BARACK OBAMA, PRESIDENT OF THE UNITED STATES: Today I'm announcing a set of proposals to crack down on illegal overseas tax evasion, close loopholes and make it more profitable for companies to create jobs here in the United States.
DOUGHERTY: Mr. Obama says what he calls a broken tax system rewards companies for moving jobs offshore and transferring profits to overseas tax havens.
OBAMA: It's a tax code that says you should pay lower taxes if you create a job in Bangalore, India than if you create one in Buffalo, New York.
DOUGHERTY: Eighty-three of the 100 largest companies in the U.S. take advantage of these laws, according to the Government Accountability Office. The president also wants to target individual wealthy Americans who avoid taxes by hiding their money in overseas bank accounts.
His proposals he claims will help raise $210 billion over the next 10 years. To enforce the new laws, the White House wants to hire almost 800 more IRS agents. The U.S. Chamber of Commerce counters the president's plan is, in reality, a huge tax hike.
MARTY REGALIA, U.S. CHAMBER OF COMMERCE: It will make our companies less competitive, make it harder for us to create jobs here, and make it more advantageous for foreigners to buy our companies and operate them as foreign multi nationalists.
DOUGHERTY: Now the administration claims that some of these companies are paying as little as two percent income tax on their foreign profits, thanks to these tax loopholes. Now some of the critics say the administration really should just simply cut corporate tax rates, period, but there's no indication the president agrees with that -- back to you, Lou.
DOBBS: Jill, thank you very much -- Jill Dougherty from the White House. Corporate America's supporters in Congress wasting no time in criticizing President Obama's decision -- Republican lawmakers such as Congressman Louie Gohmert said American consumers will have to pay for higher prices to make up for the loss of American company's tax breaks.
(BEGIN VIDEO CLIP)
REP. LOUIE GOHMERT (R), TEXAS: You know there's an insidious tax out there, insidious because we tell the American people that they're not going to have to pay it. We're going to put it on the greedy corporations. Well how do you think a corporation stays in business if it doesn't pass that on to the people, and they don't realize, they think somebody else is paying, yet it comes right back to their feet.
(END VIDEO CLIP)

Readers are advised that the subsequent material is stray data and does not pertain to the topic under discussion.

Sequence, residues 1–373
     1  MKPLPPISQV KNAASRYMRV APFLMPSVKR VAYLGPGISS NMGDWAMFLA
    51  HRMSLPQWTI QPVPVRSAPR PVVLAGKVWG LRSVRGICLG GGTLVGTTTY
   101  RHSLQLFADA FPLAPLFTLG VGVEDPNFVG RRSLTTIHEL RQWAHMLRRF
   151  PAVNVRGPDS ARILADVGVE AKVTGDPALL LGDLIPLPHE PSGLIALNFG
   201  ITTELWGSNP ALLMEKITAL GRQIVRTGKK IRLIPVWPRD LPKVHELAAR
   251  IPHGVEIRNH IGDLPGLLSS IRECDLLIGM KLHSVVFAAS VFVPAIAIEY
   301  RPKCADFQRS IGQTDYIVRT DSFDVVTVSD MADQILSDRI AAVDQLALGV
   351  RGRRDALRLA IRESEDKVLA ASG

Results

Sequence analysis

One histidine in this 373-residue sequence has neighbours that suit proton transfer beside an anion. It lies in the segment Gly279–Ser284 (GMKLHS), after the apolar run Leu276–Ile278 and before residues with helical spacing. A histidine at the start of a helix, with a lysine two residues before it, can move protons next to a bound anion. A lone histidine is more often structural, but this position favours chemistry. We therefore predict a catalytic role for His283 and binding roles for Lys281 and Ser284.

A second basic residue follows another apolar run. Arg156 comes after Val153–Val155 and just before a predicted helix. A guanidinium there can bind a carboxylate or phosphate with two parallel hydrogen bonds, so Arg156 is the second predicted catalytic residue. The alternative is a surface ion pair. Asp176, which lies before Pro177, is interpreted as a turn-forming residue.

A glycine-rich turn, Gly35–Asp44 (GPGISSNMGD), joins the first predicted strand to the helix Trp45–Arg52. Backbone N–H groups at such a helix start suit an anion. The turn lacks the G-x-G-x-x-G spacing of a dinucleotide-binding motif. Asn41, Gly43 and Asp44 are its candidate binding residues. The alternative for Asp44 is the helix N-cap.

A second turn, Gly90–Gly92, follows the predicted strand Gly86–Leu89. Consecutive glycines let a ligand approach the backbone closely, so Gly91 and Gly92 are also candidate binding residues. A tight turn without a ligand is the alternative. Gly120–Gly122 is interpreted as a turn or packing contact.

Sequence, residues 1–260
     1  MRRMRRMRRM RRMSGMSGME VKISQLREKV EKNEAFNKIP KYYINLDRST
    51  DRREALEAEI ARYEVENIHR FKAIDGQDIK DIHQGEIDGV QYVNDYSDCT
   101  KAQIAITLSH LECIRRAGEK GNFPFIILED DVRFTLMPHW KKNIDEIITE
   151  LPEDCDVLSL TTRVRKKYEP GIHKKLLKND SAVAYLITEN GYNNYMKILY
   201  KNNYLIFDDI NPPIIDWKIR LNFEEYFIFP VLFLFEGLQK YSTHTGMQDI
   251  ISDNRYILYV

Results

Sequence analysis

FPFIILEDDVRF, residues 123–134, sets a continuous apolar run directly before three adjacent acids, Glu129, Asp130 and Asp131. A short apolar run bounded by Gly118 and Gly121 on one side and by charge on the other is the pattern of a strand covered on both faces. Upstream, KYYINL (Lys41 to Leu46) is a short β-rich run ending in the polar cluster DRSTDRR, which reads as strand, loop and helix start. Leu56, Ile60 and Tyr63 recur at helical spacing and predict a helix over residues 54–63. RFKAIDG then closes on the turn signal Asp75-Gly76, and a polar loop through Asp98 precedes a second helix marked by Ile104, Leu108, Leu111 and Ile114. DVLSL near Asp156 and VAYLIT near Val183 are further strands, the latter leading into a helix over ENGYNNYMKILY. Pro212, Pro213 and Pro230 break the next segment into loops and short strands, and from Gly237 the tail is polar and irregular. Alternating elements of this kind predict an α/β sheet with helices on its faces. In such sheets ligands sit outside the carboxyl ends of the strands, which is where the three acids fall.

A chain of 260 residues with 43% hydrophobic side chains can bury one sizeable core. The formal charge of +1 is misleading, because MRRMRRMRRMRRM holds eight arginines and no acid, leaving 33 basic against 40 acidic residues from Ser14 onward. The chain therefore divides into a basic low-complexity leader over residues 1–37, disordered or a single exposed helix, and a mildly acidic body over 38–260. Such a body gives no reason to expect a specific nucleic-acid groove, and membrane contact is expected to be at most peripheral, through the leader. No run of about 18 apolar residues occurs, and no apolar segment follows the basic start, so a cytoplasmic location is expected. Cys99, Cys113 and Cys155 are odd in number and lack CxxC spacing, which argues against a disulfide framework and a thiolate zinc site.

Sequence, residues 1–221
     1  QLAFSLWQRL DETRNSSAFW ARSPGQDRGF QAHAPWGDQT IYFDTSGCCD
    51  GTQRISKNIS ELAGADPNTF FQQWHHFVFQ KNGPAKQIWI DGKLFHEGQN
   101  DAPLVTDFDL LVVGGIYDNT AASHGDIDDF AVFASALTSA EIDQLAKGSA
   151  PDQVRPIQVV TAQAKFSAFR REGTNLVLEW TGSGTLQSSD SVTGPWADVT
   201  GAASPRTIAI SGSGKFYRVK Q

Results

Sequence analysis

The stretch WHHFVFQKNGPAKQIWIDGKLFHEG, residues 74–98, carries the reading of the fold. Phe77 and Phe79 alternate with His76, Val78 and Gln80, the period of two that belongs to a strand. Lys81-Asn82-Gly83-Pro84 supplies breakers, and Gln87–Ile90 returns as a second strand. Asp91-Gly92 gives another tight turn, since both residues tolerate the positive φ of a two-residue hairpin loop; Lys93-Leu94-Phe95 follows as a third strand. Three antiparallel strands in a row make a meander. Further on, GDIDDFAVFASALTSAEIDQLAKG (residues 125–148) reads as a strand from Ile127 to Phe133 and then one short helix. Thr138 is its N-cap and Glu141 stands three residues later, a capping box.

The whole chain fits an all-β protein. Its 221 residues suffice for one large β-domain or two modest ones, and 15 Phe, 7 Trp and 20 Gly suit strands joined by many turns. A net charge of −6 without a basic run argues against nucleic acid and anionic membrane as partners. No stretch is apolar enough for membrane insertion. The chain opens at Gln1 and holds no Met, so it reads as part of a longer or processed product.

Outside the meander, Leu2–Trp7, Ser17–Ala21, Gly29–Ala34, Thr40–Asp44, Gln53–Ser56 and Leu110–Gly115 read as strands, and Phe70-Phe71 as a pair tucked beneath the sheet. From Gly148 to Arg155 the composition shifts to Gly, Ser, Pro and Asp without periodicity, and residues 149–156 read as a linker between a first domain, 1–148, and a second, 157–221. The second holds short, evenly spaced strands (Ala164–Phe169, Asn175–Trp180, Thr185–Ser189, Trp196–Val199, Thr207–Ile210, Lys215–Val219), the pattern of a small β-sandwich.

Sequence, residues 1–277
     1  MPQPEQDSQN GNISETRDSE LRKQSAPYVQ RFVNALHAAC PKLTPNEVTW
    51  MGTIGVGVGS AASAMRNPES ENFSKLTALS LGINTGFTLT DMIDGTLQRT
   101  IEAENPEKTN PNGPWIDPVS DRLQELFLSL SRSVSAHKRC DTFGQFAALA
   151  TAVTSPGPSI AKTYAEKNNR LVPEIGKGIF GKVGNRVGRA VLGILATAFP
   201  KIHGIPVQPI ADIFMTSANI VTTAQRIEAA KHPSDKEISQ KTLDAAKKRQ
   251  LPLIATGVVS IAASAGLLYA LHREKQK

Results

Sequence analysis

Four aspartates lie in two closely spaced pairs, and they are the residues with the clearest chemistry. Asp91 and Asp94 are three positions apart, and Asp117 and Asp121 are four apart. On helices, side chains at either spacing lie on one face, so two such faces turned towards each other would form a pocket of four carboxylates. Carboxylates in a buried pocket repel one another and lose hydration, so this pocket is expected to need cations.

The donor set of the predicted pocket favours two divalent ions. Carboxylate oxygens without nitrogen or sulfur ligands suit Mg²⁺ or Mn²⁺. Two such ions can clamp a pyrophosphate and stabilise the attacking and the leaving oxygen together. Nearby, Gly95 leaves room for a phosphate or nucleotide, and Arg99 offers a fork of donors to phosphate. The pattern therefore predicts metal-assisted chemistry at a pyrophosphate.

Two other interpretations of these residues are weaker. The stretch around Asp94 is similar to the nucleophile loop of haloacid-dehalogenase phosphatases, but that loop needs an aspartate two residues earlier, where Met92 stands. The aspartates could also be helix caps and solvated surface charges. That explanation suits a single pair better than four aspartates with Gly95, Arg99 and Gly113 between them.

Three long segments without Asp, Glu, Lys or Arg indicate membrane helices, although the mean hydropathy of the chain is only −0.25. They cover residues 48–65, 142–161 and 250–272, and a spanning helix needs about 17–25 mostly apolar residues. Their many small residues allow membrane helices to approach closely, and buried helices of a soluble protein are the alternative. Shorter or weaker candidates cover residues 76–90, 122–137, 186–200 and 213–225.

DOBBS: Congressman Gohmert said corporate taxes in the United States were much higher than overseas.
Still ahead, a young boy is kidnapped from his home, adding to a shocking rise in kidnappings along the border states. What's behind the dramatic increase in these cases? We'll have a special report for you.
And rising concerns that gender and diversity, not qualifications or experience, will be the most important factors in selecting who will be the next justice of the Supreme Court. We'll be right back.
DOBBS: The Supreme Court will soon decide a racial discrimination case filed by white and Latino firefighters again the city of New Haven, Connecticut. New York State recently settling a workplace discrimination case of its own -- this lawsuit was filed against Governor David Paterson and occurred when he was a state senator. Paterson was accused of then firing a white photographer and replacing him with a black one. Ines Ferre has our report.
INES FERRE, CNN CORRESPONDENT (voice-over): New York taxpayers will dole out $300,000 to settle a discrimination lawsuit, the suit dates back to 2003, after then State Senator David Paterson became the first non-white legislative leader in the state's history. Joseph Mariello (ph), a white photographer shown here in this "New York Post" story claims Paterson's deputy chief of staff, Jack McPatton (ph), told him Democratic senators wanted to replace him with a quote, "minority photographer -- a black photographer."
He added allegedly "you've got to remember who Senator Paterson is. Senator Paterson is black." In his deposition McPatton (ph) denied saying that. The New York State Senate minority said Mariello (ph) had a record of tardiness but provided no evidence. Paterson denied Mariello's (ph) claims. GOV. DAVID PATERSON (D), NEW YORK: I did not choose to keep this individual out of race. I was really just trying to put a team around me that I knew.
FERRE: In written testimony the governor said, "Given my visual impairment I did not know for certain the race of either." Mariello (ph) had served in the job since 1989 under three different senators. Employment lawyer Gary Phelan (ph) wasn't involved with the case but suggests the size of the settlement is important.
GARY PHELAN, EMPLOYMENT LAWYER: A $300,000 settlement is certainly not insignificant. They would not have paid a settlement like $300,000 unless they thought they had real exposure to losing a trial and losing more than $300,000.
FERRE: Phelan expects to see an increase in these kinds of cases over the next few years, pointing to the case brought by 19 white and one Latino firefighter after they were denied promotion. That case was heard by the Supreme Court last month.
FERRE: And the trial was to have begun this week, but last week Governor Paterson said the state settled the case in part under the advice of the attorney general, Andrew Cuomo's office. Over the weekend Cuomo's office said it had not advised the state to settle for $300,000 and Paterson's office has since then back pedaled saying Cuomo's office said a settlement should be considered but that it should not pay $300,000.